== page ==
From Christoph Waltz’s surprise Best Supporting Actor win to Ben Affleck’s emotional, heartfelt remarks after Argo snagged Best Picture, last night’s Academy Awards were filled with memorable acceptance speeches — and notable pre-speech journeys to the stage. (How’s your knee, Jennifer Lawrence?)
Tag: The Oscars (1-10 of 19)
Zero Dark Thirty is set largely in Pakistan — but the citizens of that country largely aren’t able to see how their homeland is depicted in it, unless they can track down a pirated copy of the Oscar-nominated film.
EW has confirmed that Zero Dark Thirty has not been approved by Pakistan’s board of censors, and therefore has not been shown in any of the nation’s few movie theaters that play English-language films. But that’s not the whole story: according to the Associated Press, no distributor has even applied for permission to show Zero Dark Thirty in Pakistan. This means that while the movie hasn’t been officially censured by Pakistan’s government, it is unofficially unsanctioned there. DVDs of the film were being sold recently in the capital city of Islamabad — but the AP writes that rumors about a ban have driven at least two stores to stop carrying Zero Dark Thirty, while another has taken to selling it only under the counter.
Michael Moore couldn’t save Flint, Michigan’s auto plants in the ’80s — but he did help to get Palestinian filmmaker Emad Burnat released from LAX’s detention room last night. Burnat is currently up for a Best Documentary Oscar for his film 5 Broken Cameras.
Burnat and his family arrived in Los Angeles last night in order to attend this week’s Academy Awards ceremony. But before they could exit the city’s main airport, they were “held at US immigration for about an hour and questioned about the purpose of my visit to the United States,” Burnat said in a statement. “Immigration officials asked for proof that I was nominated for an Academy Award…they told me that if I couldn’t prove the reason for my visit, my wife Soraya, my son Gibreel and I would be sent back to Turkey on the same day.”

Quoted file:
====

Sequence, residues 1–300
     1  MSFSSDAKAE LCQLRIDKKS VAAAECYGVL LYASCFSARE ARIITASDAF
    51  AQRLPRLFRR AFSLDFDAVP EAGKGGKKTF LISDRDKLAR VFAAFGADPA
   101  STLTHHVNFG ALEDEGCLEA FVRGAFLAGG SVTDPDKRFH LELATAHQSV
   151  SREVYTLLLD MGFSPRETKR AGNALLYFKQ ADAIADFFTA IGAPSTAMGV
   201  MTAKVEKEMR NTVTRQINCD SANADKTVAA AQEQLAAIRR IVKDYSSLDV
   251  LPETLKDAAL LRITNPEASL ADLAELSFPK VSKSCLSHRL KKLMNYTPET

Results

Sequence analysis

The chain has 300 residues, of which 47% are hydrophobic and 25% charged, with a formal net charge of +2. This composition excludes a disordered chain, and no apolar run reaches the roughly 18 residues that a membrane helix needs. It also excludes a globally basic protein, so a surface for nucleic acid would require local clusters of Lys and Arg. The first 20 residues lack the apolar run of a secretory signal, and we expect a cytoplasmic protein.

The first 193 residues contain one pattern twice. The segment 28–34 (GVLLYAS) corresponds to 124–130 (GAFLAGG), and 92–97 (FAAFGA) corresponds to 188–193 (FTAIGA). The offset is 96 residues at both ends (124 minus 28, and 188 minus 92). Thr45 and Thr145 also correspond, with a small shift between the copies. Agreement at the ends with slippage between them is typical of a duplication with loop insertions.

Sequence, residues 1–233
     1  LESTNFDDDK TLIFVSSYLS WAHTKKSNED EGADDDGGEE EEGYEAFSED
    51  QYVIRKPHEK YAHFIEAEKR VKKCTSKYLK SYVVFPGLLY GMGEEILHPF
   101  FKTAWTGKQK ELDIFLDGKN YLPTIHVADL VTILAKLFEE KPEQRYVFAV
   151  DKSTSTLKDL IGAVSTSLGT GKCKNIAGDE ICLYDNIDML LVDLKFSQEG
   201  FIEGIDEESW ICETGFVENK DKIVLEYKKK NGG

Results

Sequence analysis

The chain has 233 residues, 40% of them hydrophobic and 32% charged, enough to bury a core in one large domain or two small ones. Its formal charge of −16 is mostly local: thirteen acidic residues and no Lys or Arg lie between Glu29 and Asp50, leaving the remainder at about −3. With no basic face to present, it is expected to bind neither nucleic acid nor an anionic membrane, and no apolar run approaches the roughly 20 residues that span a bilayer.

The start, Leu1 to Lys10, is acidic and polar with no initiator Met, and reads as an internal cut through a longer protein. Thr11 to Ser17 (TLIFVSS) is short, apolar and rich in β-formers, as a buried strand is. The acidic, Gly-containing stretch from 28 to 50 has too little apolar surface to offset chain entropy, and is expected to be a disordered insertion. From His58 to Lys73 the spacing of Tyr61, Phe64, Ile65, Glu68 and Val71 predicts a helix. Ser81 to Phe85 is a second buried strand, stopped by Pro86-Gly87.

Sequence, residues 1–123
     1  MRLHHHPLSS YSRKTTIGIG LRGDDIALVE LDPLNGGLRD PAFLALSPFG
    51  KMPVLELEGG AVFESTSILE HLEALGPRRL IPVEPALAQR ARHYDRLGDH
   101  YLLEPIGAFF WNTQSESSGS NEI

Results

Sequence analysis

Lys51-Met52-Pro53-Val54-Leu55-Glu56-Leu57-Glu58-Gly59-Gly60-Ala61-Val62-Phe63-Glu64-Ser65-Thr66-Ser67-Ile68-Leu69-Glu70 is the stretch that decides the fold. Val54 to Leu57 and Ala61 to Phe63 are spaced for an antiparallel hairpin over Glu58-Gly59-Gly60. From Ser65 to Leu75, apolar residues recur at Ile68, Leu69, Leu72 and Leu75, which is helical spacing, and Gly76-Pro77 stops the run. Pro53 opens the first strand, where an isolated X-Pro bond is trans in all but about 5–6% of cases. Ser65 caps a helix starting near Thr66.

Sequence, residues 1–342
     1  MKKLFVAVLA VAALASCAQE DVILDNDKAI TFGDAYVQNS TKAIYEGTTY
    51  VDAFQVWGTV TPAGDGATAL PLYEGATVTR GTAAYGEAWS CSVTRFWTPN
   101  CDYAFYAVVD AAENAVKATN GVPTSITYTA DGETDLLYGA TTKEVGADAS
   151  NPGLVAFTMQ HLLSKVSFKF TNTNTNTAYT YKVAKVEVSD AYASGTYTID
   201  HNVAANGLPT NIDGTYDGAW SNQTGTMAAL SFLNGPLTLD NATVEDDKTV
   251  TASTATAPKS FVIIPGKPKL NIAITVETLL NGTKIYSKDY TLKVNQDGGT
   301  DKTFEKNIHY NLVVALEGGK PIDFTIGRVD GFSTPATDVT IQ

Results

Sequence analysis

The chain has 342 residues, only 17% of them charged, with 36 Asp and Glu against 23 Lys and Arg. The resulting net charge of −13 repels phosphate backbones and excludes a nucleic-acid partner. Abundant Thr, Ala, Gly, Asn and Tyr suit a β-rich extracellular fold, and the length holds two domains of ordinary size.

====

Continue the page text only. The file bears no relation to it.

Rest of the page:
Luckily, Burnat was able to send a text to Michael Moore, one of the Governors of the Academy of Motion Picture Arts and Science’s Documentary Branch. READ FULL STORY »
Can a yellow-skinned, pacifier-loving baby defeat four fierce foes — including a swoon-inducing urban fairy tale from Disney — at the Academy Awards?
We won’t know for sure until Sunday, when this year’s Oscars — including the prize for Best Animated Short Film — are handed out in Los Angeles. In the meantime, audiences can content themselves with watching that baby’s Academy-approved short film on Hulu. “The Longest Daycare” finds mute, cute Maggie Simpson grappling with her unibrowed arch-nemesis at the Ayn Rand School for Tots. Though the David Silverman-directed short originally appeared in 3-D before theatrical screenings of Ice Age: Continental Drift, you’ll have to be satisfied with this two-dimensional rendering:
Who’s in, who’s out?
The Academy of Motion Picture Arts and Sciences has finally settled the debate with its announcement of nominees for the 85th Academy Awards. Lincoln leads the pack with 12 nominations, followed by Life of Pi with 11.
There was a surprisingly strong showing for Beasts of the Southern Wild, which scored a directing nomination for Benh Zeitlin that few saw coming. Directing snubs for Argo‘s Ben Affleck, Zero Dark Thirty‘s Kathryn Bigelow, and Les Miserables‘ Tom Hooper does not bode well for those films going forward.